Engineering biomolecular motors can provide direct tests of structure-function relationships and customized components for controlling molecular transport in artificial systems 1 or in living cells 2 . Previously, synthetic nucleic acid motors 3-5 and modified natural protein motors 6-10 have been developed in separate complementary strategies to achieve tunable and controllable motor function. Integrating protein and nucleic-acid components to form engineered nucleoprotein motors may enable additional sophisticated functionalities. However, this potential has only begun to be explored in pioneering work harnessing DNA scaffolds to dictate the spacing, number and composition of tethered protein motors 11-15 . Here, we describe myosin motors that incorporate RNA lever arms, forming hybrid assemblies in which conformational changes in the protein motor domain are amplified and redirected by nucleic acid structures. The RNA lever arm geometry determines the speed and direction of motor transport and can be dynamically controlled using programmed transitions in the lever arm structure 7,9 . We have characterized the hybrid motors using in vitro motility assays, single-molecule tracking, cryo-electron microscopy and structural probing 16 . Our designs include nucleoprotein motors that reversibly change direction in response to oligonucleotides that drive strand-displacement 17 reactions. In multimeric assemblies, the controllable motors walk processively along actin filaments at speeds of 10-20 nm s-1. Finally, to illustrate the potential for multiplexed addressable control, we demonstrate sequence-specific responses of RNA variants to oligonucleotide signals.

    View details for DOI 10.1038/s41565-017-0005-y

    View details for PubMedID 29109539

  • Cryo-EM structures reveal specialization at the myosin VI-actin interface and a mechanism of force sensitivity. eLife Gurel, P. S., Kim, L. Y., Ruijgrok, P. V., Omabegho, T., Bryant, Z., Alushin, G. M. 2017; 6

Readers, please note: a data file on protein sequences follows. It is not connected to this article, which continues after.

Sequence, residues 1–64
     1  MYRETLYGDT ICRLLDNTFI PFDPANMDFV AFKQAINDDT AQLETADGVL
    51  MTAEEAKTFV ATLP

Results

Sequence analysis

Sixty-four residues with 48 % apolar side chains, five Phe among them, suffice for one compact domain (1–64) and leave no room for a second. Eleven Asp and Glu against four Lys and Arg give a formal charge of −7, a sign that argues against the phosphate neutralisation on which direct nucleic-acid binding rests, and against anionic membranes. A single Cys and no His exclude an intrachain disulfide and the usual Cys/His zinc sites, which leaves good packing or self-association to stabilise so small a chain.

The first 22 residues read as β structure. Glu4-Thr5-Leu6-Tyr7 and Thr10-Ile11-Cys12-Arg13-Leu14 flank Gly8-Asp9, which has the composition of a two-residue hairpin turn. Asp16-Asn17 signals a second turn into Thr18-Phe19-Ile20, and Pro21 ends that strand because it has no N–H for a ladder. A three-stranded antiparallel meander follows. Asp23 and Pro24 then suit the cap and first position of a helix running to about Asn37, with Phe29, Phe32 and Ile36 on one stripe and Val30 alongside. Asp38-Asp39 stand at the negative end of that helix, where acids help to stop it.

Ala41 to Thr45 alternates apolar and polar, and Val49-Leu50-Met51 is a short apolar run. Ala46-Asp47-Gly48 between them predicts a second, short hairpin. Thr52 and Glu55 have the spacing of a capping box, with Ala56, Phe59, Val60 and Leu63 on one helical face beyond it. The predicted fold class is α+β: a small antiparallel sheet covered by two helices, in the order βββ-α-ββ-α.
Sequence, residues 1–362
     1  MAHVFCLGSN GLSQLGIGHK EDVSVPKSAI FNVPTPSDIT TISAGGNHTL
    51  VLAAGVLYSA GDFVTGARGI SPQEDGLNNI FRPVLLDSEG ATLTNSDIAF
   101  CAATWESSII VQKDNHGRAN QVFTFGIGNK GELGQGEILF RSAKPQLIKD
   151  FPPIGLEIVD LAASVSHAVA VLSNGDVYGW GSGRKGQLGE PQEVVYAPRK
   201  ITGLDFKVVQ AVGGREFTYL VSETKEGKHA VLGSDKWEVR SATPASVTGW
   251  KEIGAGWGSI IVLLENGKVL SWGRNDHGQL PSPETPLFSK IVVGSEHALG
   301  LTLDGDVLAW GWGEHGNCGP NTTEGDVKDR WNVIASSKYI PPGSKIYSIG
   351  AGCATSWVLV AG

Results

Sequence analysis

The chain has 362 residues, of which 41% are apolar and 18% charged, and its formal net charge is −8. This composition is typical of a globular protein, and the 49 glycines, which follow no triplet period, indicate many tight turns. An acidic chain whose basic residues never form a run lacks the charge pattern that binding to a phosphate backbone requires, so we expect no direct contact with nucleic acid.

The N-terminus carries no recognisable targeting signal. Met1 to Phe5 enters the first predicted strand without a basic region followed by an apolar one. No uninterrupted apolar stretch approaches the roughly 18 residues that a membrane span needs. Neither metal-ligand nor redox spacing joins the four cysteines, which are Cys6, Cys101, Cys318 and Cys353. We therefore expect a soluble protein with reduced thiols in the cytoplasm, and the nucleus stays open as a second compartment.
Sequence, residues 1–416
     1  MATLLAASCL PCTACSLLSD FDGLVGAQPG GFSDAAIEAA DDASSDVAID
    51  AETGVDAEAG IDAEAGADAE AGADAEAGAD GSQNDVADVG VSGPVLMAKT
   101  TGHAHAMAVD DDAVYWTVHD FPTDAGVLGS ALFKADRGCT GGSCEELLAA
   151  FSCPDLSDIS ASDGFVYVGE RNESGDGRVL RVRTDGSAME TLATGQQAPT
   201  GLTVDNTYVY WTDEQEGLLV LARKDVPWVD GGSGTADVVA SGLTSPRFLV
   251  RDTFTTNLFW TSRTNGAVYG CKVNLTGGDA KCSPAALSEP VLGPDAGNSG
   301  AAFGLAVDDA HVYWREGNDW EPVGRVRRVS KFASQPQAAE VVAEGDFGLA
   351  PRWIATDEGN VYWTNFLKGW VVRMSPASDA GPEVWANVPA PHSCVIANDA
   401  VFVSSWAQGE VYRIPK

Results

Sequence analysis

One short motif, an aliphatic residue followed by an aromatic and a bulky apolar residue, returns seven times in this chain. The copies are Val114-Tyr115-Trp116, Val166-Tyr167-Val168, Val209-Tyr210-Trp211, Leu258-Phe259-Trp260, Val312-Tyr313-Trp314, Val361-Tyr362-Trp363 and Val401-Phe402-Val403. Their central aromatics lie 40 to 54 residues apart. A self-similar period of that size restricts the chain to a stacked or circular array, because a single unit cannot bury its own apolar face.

Despite extensive scrutiny of the myosin superfamily, the lack of high-resolution structures of actin-bound states has prevented a complete description of its mechanochemical cycle and limited insight into how sequence and structural diversification of the motor domain gives rise to specialized functional properties. Here we present cryo-EM structures of the unique minus-end directed myosin VI motor domain in rigor (4.6 Å) and Mg-ADP (5.5 Å) states bound to F-actin. Comparison to the myosin IIC-F-actin rigor complex reveals an almost complete lack of conservation of residues at the actin-myosin interface despite preservation of the primary sequence regions composing it, suggesting an evolutionary path for motor specialization. Additionally, analysis of the transition from ADP to rigor provides a structural rationale for force sensitivity in this step of the mechanochemical cycle. Finally, we observe reciprocal rearrangements in actin and myosin accompanying the transition between these states, supporting a role for actin structural plasticity during force generation by myosin VI.

    View details for DOI 10.7554/eLife.31125

    View details for PubMedID 29199952

  • Remote control of myosin and kinesin motors using light-activated gearshifting. Nature nanotechnology Nakamura, M., Chen, L., Howes, S. C., Schindler, T. D., Nogales, E., Bryant, Z. 2014; 9 (9): 693-697


    Cytoskeletal motors perform critical force generation and transport functions in eukaryotic cells. Engineered modifications of motor function provide direct tests of protein structure-function relationships and potential tools for controlling cellular processes or for harnessing molecular transport in artificial systems. Here, we report the design and characterization of a panel of cytoskeletal motors that reversibly change gears-speed up, slow down or switch directions-when exposed to blue light. Our genetically encoded structural designs incorporate a photoactive protein domain to enable light-dependent conformational changes in an engineered lever arm. Using in vitro motility assays, we demonstrate robust spatiotemporal control over motor function and characterize the kinetics of the optical gearshifting mechanism. We have used a modular approach to create optical gearshifting motors for both actin-based and microtubule-based transport.